I had a striking insight in the Lake District recently, that this is a world in which almost-all the people are (to varying degrees) evil: by which I mean quite precisely that they have taken the side of Satan against God and Creation.
Yet, the world around me - especially the natural world of animals, plants and landscape - it not evil. The natural world is part of God's creation, and (unlike Man) nature is Not in rebellion against itself - therefore it is good.
I think this is one reason why They (the representatives of purposive evil in this world) are so keen to keep us away from nature; to put the non-natural between us and nature (barriers ranging from glass and concrete - to sheer noise and other distractions); why They were so very keen to lock us inside; why They are so keen that all interactions should be masked, distant or via electronic (symbolic, artificial) intermediaries.
I am more aware of the goodness of nature now than ever before; when the contrast with Men is so stark and extreme.
What is needed now is a return to the natural world of spirit, within which nature unconsciously dwells; and which we as children once inhabited - that realm variously and partially conceptualised as the Acient Egyptian Duat, the underworld, the dream-world, the collective unconscious...
The task is to make the unconscious conscious; to make what was spontaneous and unchosen the consequence of conscious choice.
As the old hymn puts it, “Ev’ry prospect pleases / And only man is vile.”
Yes, although that quote intended a different meaning, I think. I'd always assumed it came from The Deserted Village by Goldsmith, "where wealth accumulates and men decay" - but apparently not.
It's good to hear that you visited the Lake District. I've been there only once in my life, when I was sixteen, but the beauty of the place remains clear in my memory to this day.
"The natural world is part of God's creation, and (unlike Man) nature is Not in rebellion against itself - therefore it is good." I have a deep respect and appreciation for the manner in which S.K. Orr explores this through his blog.
Pertaining to Them and the natural world, I have no doubt that They wish to drive a bigger wedge between Men and Nature, and that this desire to further alienate us from the natural world has significant spiritual implications.
At the same time, I find it ironic that They also enthusiastically present themselves as champions and defenders of the natural world - to the point that They have essentially declared that only They can protect the goodness of nature from the evil rapaciousness of common Men. Of course, within this framework the defense of the natural world would require the total enslavement of Men . . .
I remember you saying the same about Oxford: place good, people bad. Only there it was the old buildings that made the place good. Couldn't agree more!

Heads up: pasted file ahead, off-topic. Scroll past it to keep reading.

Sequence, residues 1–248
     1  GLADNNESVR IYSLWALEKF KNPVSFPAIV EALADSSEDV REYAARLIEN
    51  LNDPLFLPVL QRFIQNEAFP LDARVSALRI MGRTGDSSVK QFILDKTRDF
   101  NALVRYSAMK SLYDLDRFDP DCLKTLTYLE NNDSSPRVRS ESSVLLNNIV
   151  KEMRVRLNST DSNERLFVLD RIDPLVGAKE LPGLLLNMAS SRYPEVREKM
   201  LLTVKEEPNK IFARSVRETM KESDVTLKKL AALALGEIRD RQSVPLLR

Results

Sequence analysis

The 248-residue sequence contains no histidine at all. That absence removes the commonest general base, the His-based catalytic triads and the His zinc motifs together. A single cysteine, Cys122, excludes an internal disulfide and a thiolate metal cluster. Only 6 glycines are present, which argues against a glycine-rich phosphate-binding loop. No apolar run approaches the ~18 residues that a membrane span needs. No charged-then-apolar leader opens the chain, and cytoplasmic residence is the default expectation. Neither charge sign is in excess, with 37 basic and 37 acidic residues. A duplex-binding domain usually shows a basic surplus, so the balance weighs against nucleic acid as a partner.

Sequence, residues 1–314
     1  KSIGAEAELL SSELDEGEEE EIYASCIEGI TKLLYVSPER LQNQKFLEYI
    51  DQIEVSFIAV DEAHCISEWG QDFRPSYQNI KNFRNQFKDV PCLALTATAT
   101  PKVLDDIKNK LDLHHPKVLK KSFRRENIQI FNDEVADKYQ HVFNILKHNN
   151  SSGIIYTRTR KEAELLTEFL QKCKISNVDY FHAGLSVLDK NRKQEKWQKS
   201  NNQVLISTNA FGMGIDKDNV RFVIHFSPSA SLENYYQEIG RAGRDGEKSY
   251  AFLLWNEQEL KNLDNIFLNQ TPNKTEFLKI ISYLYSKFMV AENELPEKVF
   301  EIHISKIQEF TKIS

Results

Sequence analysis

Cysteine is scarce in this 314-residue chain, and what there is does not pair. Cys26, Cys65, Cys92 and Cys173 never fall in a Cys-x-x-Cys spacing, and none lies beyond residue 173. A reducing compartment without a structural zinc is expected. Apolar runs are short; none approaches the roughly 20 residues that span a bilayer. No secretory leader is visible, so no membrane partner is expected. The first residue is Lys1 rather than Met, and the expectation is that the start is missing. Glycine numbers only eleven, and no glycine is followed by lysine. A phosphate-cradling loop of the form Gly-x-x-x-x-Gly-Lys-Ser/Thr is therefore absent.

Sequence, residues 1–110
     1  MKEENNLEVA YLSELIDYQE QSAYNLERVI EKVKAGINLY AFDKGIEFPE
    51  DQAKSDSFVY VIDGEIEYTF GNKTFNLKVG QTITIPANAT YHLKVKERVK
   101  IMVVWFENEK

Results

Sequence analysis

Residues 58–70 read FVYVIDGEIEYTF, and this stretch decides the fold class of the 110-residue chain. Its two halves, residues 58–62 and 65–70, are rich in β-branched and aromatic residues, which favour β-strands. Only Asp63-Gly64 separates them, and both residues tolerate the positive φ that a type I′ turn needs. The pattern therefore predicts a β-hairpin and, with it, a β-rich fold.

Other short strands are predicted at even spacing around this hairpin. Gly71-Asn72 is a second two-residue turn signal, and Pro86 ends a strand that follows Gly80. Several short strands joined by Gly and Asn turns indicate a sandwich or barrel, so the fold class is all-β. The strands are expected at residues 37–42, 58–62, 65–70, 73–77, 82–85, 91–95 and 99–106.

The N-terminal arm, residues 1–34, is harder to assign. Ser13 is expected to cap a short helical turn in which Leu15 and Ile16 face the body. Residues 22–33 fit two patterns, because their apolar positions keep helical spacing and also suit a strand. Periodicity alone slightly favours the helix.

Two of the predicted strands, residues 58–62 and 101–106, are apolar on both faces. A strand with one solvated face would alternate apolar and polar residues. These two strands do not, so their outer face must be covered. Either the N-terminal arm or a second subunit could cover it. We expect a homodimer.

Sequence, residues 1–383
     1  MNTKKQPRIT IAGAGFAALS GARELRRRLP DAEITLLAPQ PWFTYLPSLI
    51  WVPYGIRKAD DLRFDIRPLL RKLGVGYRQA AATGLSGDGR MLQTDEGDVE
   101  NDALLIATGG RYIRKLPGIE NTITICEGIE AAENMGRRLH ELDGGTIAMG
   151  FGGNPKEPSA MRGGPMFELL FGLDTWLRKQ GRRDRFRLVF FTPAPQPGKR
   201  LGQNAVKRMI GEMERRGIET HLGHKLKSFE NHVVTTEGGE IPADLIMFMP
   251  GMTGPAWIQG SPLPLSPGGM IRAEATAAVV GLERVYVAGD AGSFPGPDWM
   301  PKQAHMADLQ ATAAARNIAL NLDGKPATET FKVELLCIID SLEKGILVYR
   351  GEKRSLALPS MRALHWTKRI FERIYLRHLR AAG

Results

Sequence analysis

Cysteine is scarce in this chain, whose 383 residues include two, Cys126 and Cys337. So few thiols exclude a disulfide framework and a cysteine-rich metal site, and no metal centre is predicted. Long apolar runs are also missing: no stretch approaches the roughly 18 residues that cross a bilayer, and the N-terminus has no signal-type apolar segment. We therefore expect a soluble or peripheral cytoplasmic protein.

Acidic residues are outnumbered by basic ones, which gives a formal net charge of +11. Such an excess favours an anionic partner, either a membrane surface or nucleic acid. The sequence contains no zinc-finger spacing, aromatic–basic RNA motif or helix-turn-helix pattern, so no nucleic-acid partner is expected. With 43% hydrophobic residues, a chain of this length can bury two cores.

I can't speak to the metaphysics of opposing God and creation. But on the biological level it seems to me that people get a charge out of the fear it induces. Rather like eating chillis. What was at first experienced as unpleasant or painful is later enjoyed and regularly sought out.
To help with the perception of nature, I recommend the art (especially the early work and the late etchings) of Samuel Palmer, and to read about his life in David Cecil's book Visionary (Palmer is the visionary) and Dreamer (the dreamer is a Pre-Raphaelite artist) and Geoffrey Grigson's Samuel Palmer: The Visionary Years.
Fitting you should have this insight in the Lake District. Of the places I've spent time - I'm fairly well-travelled - the Lake District is what I think of as an ideal landscape. It does not have the biggest or grandest mountains, nor does it have the wildest, most dramatic seascape. What it has is fells, vales, seashore, and - of course - lakes in near-perfect proportion. It is an English landscape, which when undefiled by too much construction is already a wonderfully harmonious thing, raised a level by the fells and lakes. I'm biased by being mostly English and some Scottish in ancestry; England's is probably the landscape I was evolved to live in. Whatever the reasons, I need to get back there someday soon.
The fools in Whitehall and the BBC and all the other minions of our time's evil have ruined too much already, but the Lake District remains, as do other relatively unruined corners of the country. Although I wonder if the Home Counties aren't so built-over now as to be lost (thanks largely to the population-pressures of uncontrolled immigration). Fortunately the Lake District is just about as far as one can go from London and still be in England.
As long as They cannot cut people off altogether from seeing what is in God's creation, there may be hope for Us yet.
Googling the Lake District to get an idea of what it looks like, I found -- inevitably! -- an article titled "Lake District 'must change' to attract more diverse visitors."
Yes, the people are evil.
@Wm. Well, we are dealing with demons. Naturally, everything true, virtuous or beautiful will be destroyed or ruined in the end, given time.
Beautiful to read and contemplate. I feel the same. No matter how "good" the person, I do notice that the more artificial their surroundings the sicker they appear to be. And the few people I know who seem virtuous all strive to put themselves closer to Creation.
Jane Austen is the one who painted the Lake District for me. Knowing how unjust photography is, I refuse to learn more about it and keep it as a treasured space in my memory. I hope you had a wonderful time.
Except in nature there is decay, death, and predation, though, I agree, it is beautiful. I long for decay, death, and predation to cease in a new Jerusalem -
"The wolf also shall dwell with the lamb,
and the leopard shall lie down with the kid;
and the calf and the young lion and the fatling together;
and a little child shall lead them."
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